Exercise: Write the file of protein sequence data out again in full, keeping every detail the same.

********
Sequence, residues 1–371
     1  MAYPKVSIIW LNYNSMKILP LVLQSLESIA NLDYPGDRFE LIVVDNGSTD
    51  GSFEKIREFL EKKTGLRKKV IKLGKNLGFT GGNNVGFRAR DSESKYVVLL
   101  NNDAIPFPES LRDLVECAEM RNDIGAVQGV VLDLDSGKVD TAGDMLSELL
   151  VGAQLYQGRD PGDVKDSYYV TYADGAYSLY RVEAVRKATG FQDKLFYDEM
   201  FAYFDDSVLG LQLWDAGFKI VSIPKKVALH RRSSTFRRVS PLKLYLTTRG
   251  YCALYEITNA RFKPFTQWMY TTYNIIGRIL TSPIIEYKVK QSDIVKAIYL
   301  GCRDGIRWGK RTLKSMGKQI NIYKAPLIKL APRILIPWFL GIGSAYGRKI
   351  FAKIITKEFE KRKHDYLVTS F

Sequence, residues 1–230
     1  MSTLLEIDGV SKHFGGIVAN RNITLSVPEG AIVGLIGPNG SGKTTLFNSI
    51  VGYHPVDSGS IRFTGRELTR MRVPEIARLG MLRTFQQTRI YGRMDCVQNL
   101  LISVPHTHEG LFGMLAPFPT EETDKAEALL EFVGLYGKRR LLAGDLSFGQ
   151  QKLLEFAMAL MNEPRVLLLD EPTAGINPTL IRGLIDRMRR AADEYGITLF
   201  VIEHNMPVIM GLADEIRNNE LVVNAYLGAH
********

Sequence, residues 1–371
     1  MAYPKVSIIW LNYNSMKILP LVLQSLESIA NLDYPGDRFE LIVVDNGSTD
    51  GSFEKIREFL EKKTGLRKKV IKLGKNLGFT GGNNVGFRAR DSESKYVVLL
   101  NNDAIPFPES LRDLVECAEM RNDIGAVQGV VLDLDSGKVD TAGDMLSELL
   151  VGAQLYQGRD PGDVKDSYYV TYADGAYSLY RVEAVRKATG FQDKLFYDEM
   201  FAYFDDSVLG LQLWDAGFKI VSIPKKVALH RRSSTFRRVS PLKLYLTTRG
   251  YCALYEITNA RFKPFTQWMY TTYNIIGRIL TSPIIEYKVK QSDIVKAIYL
   301  GCRDGIRWGK RTLKSMGKQI NIYKAPLIKL APRILIPWFL GIGSAYGRKI
   351  FAKIITKEFE KRKHDYLVTS F

Sequence, residues 1–230
     1  MSTLLEIDGV SKHFGGIVAN RNITLSVPEG AIVGLIGPNG SGKTTLFNSI
    51  VGYHPVDSGS IRFTGRELTR MRVPEIARLG MLRTFQQTRI YGRMDCVQNL
   101  LISVPHTHEG LFGMLAPFPT EETDKAEALL EFVGLYGKRR LLAGDLSFGQ
   151  QKLLEFAMAL MNEPRVLLLD EPTAGINPTL IRGLIDRMRR AADEYGITLF
   201  VIEHNMPVIM GLADEIRNNE LVVNAYLGAH